Anti-theft devices exist in many forms to combat the variety of car thieves out there. From high-tech GPS-based tracking systems to low-tech steering-wheel locking mechanisms, anti-theft devices are car owner’s last line of defence in unfamiliar parkades and dimly-lit streets.
Here are some good news and bad news. Bad news: according to the Insurance Bureau of Canada, Canadians spend approximately $1 billion each year due to stolen automobiles. Good news: from 2011 to 2012, 4,500 fewer vehicles were stolen, which adds up to a vehicle theft decrease of 57% in the past decade.
What does this all mean for car owners? It seems that although there is a clear decline in car theft, there is still a lucrative market out there that thrives on stolen car parts, which is why anti-theft devices are still needed. But, are they worth the price and inconvenience?
Here are some pros and cons to help you decide whether your vehicle requires any anti-theft devices:
Pro: Technology Has Improved
Car alarms used to have this spastic siren that both alerts and annoys the user. A gentle bump can be misconstrued as a code-red breach and everyone in the neighbourhood would know about it. That is no longer the case. The latest car alarm innovations include multistage electronics that work with shock sensors to gage whether the nudge was accidental or intentional.
In addition, new inaudible alert applications can be downloaded to car owners’ smartphones. If someone is breaking into your vehicle or a shopping cart crashed into it at the store, you’ll know right away via Push Notification.
Con: Thieves Have Improved As Well
Hoodlums are afraid of car alarms, professional thieves aren’t. Many anti-theft devices are built to stump the amateur, but present little resistance against the experienced.
Alarms alert and immobilizers slow down the thief, but other than that, they really don’t do much. It goes to show that devices are just the most basic form of prevention.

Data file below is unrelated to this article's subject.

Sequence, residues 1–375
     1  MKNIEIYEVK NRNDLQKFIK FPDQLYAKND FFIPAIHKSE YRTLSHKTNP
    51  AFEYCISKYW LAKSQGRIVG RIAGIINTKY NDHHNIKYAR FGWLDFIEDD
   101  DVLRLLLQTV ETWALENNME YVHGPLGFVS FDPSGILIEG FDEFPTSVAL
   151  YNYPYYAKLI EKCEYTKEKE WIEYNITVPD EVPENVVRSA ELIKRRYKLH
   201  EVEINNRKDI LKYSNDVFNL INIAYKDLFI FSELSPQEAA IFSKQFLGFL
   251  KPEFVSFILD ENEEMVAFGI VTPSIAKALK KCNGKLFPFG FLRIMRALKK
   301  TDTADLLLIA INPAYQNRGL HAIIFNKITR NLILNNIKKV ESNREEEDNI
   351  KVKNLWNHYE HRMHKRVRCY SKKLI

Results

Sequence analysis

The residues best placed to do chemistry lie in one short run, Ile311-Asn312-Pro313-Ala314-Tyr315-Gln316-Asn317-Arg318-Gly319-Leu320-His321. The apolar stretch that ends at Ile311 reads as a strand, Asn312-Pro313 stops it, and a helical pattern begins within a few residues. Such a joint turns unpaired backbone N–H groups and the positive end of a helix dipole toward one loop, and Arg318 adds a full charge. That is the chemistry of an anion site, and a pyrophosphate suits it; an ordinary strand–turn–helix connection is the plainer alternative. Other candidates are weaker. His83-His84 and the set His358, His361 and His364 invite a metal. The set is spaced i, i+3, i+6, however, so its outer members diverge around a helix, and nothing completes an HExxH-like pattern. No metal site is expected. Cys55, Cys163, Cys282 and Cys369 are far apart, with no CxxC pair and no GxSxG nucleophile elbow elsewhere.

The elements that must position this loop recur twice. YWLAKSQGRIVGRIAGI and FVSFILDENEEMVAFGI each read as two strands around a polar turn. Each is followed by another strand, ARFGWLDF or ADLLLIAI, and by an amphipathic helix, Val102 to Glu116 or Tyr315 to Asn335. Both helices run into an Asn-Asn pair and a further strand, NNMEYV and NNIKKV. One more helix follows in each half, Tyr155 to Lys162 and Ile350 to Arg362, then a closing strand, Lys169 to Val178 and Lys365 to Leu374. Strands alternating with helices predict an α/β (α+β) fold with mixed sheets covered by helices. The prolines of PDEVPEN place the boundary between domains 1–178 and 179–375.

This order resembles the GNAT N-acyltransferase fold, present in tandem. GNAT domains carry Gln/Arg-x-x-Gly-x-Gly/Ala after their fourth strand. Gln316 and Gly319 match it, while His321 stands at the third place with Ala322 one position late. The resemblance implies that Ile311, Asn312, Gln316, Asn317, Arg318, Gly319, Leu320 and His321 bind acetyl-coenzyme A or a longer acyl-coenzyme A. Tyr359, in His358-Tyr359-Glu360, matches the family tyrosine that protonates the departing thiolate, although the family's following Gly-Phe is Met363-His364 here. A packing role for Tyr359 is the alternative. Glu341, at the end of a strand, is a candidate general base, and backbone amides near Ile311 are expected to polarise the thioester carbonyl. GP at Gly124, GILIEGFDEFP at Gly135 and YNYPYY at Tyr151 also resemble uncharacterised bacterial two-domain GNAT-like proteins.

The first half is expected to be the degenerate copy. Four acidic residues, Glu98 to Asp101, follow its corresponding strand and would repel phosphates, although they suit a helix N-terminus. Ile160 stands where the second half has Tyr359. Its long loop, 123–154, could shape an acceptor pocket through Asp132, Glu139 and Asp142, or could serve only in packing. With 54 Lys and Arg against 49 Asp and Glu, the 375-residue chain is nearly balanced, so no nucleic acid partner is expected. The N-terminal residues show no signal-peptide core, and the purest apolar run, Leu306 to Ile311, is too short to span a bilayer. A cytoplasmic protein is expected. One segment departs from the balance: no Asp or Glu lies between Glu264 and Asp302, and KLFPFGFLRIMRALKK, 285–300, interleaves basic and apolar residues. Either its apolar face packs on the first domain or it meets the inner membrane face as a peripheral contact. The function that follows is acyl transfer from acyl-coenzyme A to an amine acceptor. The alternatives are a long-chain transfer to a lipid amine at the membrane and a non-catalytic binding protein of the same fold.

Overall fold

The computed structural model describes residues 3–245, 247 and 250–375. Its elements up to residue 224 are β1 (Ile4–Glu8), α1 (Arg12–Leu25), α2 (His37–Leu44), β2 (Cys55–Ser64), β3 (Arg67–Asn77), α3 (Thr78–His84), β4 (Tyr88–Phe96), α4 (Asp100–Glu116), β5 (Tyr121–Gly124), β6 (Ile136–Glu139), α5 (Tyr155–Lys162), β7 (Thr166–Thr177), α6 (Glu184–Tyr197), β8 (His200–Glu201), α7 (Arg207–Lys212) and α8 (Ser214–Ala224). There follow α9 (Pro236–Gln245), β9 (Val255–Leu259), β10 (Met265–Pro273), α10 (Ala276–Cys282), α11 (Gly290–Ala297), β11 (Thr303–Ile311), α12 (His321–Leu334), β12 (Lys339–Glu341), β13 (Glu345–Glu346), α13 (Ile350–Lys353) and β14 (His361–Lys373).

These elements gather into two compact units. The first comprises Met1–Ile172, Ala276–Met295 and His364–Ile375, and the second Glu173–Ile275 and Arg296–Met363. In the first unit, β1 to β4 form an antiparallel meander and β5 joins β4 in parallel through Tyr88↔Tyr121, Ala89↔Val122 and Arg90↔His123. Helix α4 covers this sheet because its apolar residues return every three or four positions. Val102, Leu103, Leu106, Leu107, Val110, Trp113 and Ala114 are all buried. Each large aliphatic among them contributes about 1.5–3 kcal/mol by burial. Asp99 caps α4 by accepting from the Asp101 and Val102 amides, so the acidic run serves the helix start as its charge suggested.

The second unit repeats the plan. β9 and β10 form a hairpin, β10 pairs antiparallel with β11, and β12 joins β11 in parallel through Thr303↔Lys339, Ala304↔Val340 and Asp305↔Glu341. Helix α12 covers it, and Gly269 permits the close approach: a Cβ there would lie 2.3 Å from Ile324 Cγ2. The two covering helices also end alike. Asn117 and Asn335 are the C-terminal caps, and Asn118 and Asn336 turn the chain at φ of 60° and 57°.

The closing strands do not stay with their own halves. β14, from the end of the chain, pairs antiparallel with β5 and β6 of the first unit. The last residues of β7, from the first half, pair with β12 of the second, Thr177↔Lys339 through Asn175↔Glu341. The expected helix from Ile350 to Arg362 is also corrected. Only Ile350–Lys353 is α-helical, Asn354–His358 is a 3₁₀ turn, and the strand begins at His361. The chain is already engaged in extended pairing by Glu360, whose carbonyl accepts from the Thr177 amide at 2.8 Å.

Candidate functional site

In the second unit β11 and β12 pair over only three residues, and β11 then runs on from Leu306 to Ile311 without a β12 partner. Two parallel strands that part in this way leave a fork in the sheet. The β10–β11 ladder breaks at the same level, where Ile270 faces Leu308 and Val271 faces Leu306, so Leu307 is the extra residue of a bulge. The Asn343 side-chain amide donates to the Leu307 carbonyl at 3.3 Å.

Pro: It Only Needs To Work Once
Although anti-theft devices can cost thousands of dollars, they only need to work once to pay off. If you only have liability coverage with your insurance company, the most you can get is the vehicle’s reimbursed market value if it is not found or cost of repairs if the vehicle is found, but in poor condition and under a certain amount of days.
In a quick comparison, you’ll see that a security device is a cheaper solution than a long-term comprehensive auto insurance plan.
Con: Nothing Beats Common Sense
Often you don’t need security at all, because common sense might do just fine. Some car owners can’t even tell you what anti-theft features are out on the market, because they don’t need to. Instead, they use their best judgement when they park their car.
Car theft is most common in urban areas, and older vehicles are much easier to be broken into and disassembled for parts. By being aware of your surroundings and concealing valuable items within, you are already doing a part in preventing theft.
Pro: Security Features May Lower Your Premium
That said, having additional anti-theft features may qualify your vehicle for a discount when purchasing insurance. Statistically speaking, cars with security features are less likely to be broken into and stolen, so many insurance companies will offer a lower premium for that very reason.
Most Common Anti-Theft Devices
Additional devices for your vehicle may be a costly endeavor, but in my opinion, the pros outweigh the cons, and I believe that it is better to have one than not. What is that old childhood adage? Better safe than sorry.
Here are a few common security features you should consider:
Steering-wheel lock ($25 – $100): Commonly known as clubs, steering-wheel locks are very common and do a decent job immobilizing the vehicle, while also limiting its manoeuvrability. However, it is not foolproof, and professional car thieves will not be foiled by it.
Alarm system ($40 – $1,400): Always useful in getting attention, but not always useful in getting help. If a car alarm doesn’t scare away the thieves immediately, there is little struggle presented after.
Kill switch ($10 – $125): Although some cars don’t allow for a kill switch, it is still an effective system for shutting down the engine, which leaves thieves stranded in a stolen vehicle. In order for the kill switch to work, it must be concealed or the thief might disable it.
GPS-based vehicle tracking system ($500-$1000): Tracking systems don’t exactly stop criminals from stealing your vehicle, but they do offer a 90-per-cent return rate by working with your local law enforcers.